A prominent national Islamic civil rights and advocacy group today cited recent anti-Muslim incidents nationwide in calling on American leaders to address what it said is a “growing level of anti-Muslim prejudice and stereotyping” in American society.
The Council on American-Islamic Relations (CAIR) said opinion leaders, policymakers and law enforcement authorities should speak out against the type of Islamophobic rhetoric on Internet hate sites and on talk radio programs that may lead to bias-motivated attacks.
In making its appeal to local and national leaders, CAIR cited recent incidents targeting American Muslim individuals and institutions, including a bias-motivated attack on a Muslim woman and child in Seattle by a self-proclaimed white supremacist, vandalism of mosques inFlorida and California, an anti-Islam sign outside a Florida church, racist fireworks sold inWisconsin, the beating of a Muslim student in New York, and the death of a California Muslim leader in a “suspicious” fire.
The Washington-based council also noted American Muslim concerns that government actions, such as sending agent provocateurs into mosques or targeting Muslims for deportation even after they are acquitted of criminal charges, can add to the growing level of anti-Muslim views by stereotyping Muslims as predisposed to terrorism.
CAIR called for swift government action to back up both President Obama’s recent challenge to those who promote “negative stereotypes” of Islam and the statement by U.S. Attorney GeneralEric Holder committing the Obama administration to protecting the civil rights of American Muslims. [In his recent speech to the Muslim world in Cairo, President Obama said: "I consider it part of my responsibility as President of the United States to fight against negative stereotypes of Islam wherever they appear."]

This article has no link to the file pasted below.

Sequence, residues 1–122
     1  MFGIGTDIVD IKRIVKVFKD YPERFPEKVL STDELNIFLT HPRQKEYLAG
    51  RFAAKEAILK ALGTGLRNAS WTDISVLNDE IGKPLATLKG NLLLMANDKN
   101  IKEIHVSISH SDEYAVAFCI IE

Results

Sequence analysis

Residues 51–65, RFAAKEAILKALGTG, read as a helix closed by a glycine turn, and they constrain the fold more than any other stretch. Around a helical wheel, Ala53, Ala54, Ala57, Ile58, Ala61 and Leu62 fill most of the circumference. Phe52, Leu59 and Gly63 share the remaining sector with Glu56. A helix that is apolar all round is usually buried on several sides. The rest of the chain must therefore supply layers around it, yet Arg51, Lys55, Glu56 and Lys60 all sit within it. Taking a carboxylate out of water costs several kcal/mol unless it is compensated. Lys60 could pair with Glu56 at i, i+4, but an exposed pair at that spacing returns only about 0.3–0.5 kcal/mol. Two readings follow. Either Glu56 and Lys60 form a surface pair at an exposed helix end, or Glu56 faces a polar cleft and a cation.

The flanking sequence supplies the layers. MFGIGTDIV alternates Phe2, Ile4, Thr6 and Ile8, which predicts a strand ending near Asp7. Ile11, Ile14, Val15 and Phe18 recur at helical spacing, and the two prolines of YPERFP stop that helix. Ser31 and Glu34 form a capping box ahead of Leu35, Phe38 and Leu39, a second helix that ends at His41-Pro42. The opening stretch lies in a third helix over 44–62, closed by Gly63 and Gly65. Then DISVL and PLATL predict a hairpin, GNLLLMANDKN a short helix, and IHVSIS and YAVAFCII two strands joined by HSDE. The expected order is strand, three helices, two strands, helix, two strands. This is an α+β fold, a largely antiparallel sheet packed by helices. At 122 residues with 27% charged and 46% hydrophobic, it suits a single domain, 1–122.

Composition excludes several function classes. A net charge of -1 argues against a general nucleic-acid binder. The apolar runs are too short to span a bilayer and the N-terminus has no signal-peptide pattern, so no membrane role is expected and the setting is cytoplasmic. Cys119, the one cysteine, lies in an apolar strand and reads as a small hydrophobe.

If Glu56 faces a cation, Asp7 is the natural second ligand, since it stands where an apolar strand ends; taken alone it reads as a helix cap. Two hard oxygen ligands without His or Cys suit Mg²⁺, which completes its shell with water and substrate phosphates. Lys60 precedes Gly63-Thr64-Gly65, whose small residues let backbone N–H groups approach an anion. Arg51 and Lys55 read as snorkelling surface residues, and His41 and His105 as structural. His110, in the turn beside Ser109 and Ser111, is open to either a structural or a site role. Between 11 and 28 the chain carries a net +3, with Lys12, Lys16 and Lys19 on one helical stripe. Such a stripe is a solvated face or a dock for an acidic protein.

“It is important that our nation’s leaders speak out against the growing level of anti-Muslim prejudice and stereotyping in our society and support the American Muslim community when it is targeted by bigots,” said CAIR National Executive DirectorNihad Awad. “Education and mutual understanding are key to challenging those who would spread intolerance and hatred.”
He said CAIR recently launched a major initiative, called “Share the Quran,” to educate American leaders about Islam. In that initiative, American Muslims are being asked to sponsor distribution of free copies of the Quran, Islam’s revealed text, to 100,000 local, state and national leaders.
CAIR, America's largest Muslim civil liberties organization, has 35 offices and chapters nationwide and in Canada. Its mission is to enhance the understanding of Islam, encourage dialogue, protect civil liberties, empower American Muslims, and build coalitions that promote justice and mutual understanding.